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Former University of Limerick student sought vote under university and vocational panels 
The High Court has rejected a University of Limerick graduate’s claim that he should be entitled to a vote in the Seanad Éireann elections under the university and vocational panels. 
Tomás Heneghan claimed the State’s failure to facilitate his registration as an elector was unlawful, unconstitutional and a breach of the European Convention on Human Rights (ECHR). 
The Minister for Housing Planning and Local Government, the Government of Ireland and the State denied the claims. 
On Wednesday, a three-judge divisional High Court, comprising its president Ms Justice Mary Irvine, Mr Justice Garret Simons and Mr Justice Brian O’Moore, found Mr Heneghan had not established an entitlement to any of the reliefs he sought. 
Giving the decision, Mr Justice O’Moore said the court concluded that the system for the election of the 43 vocational panel senators, as provided for in the Seanad Electoral (Panel Members) Act 1947, was not invalid having regard to the provisions of the Constitution. 
It also found the system for the election of the six university panel senators, under the earlier 1937 Seanad Electoral (University Members) Act, was not invalid under the Constitution. 
It also rejected his claim that Irish law is inconsistent with the State’s obligations under the ECHR. 
Mr Heneghan, Church Square, East Wall, Dublin, had claimed that as a University of Limerick graduate he was not entitled to vote on the panel set aside for graduates of the National University of Ireland (NUI) or the panel selected by registered graduates of Trinity College Dublin (TCD).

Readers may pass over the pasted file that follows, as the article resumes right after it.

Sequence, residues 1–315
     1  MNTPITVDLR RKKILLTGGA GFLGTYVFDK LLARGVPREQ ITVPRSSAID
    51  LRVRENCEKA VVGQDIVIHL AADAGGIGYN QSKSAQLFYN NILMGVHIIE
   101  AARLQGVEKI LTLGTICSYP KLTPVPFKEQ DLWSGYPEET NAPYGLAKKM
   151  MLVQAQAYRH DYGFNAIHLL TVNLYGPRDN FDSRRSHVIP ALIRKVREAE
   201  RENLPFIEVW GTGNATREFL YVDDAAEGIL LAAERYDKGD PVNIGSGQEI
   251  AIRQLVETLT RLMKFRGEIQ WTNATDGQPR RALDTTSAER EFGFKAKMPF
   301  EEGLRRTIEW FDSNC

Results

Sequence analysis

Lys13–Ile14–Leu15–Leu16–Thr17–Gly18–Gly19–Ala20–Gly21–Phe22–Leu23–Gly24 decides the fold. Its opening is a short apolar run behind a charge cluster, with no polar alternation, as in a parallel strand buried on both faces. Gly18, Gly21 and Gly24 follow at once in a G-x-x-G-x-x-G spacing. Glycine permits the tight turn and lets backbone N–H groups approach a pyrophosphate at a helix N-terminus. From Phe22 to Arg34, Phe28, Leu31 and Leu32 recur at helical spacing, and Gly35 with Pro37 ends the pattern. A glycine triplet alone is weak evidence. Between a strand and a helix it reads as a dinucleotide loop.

Among his arguments, he said there had been a failure by the State to extend the voting franchise to other universities arising out of the 1979 amendment to the Constitution expressly stating that it should be extended. 
Mr Justice O’Moore said the issues in the case were included whether the 1947 Act, excluding citizens such as Mr Heneghan, who are not members of the Oireachtas or local government from voting, disproportionally interfered with his rights under the Constitution (Articles 18.4.(2), 5, 6, 40.1, 40(3.1), 40(3.2) and 40(6.1). 
A second issue was whether section 6 (1) and (2) and section 7 of the Seanad Electoral (Universities Members) Act 1937 were unconstitutional in precluding UL graduates while permitting NUI and TCD graduates to vote. 
A third issue was whether the first 1937 Act’s provisions were incompatible with the right to free elections and prohibition on discrimination provisions of the ECHR. 
A fourth issue, which was argued by the State’s side, was whether the election of members of the Seanad is a power reserved to members of the Oireachtas under the Constitution and therefore by reason of the separation of powers Mr Heneghan’s claim was not a justiciable one. 
The court heard extensive evidence from a number of witnesses for both sides. 
Mr Justice O’Moore said Mr Heneghan accepted that an indirect election is inherently democratic. No attempt had been made in oral submissions on his behalf to put forward any analysis as to why the form of indirect franchise provided under the existing legislation is unconstitutional, he said. 
The court did not believe Mr Heneghan had laid the evidential basis to enable it to decide either as to the subservience of Seanad Éireann or the ability of the vocational members to represent the relevant groupings in society. 
“In large measure, the evidence relied upon by Mr Heneghan involves assertion, anecdote or argument, ” the judge said. 
The court did not accept his submission as supporting or justifying a finding that the relevant provisions of the 1947 (Vocational Panel) Act was invalid. 
It also concluded that the challenge to the constitutionality of the relevant portions of the 1937 (University Panel) Act, providing for the election of six university Senators, did not succeed. 
There was no basis, either as a general rule or in the circumstances of the current case, to suggest that an amendment to the Constitution permitting the Oireachtas to enact legislation “requires it to do so”, he said. 
In relation to the ECHR issue, the court found Mr Heneghan was not entitled to a declaration that the relevant Irish law was inconsistent with the State’s obligations under the Convention. 
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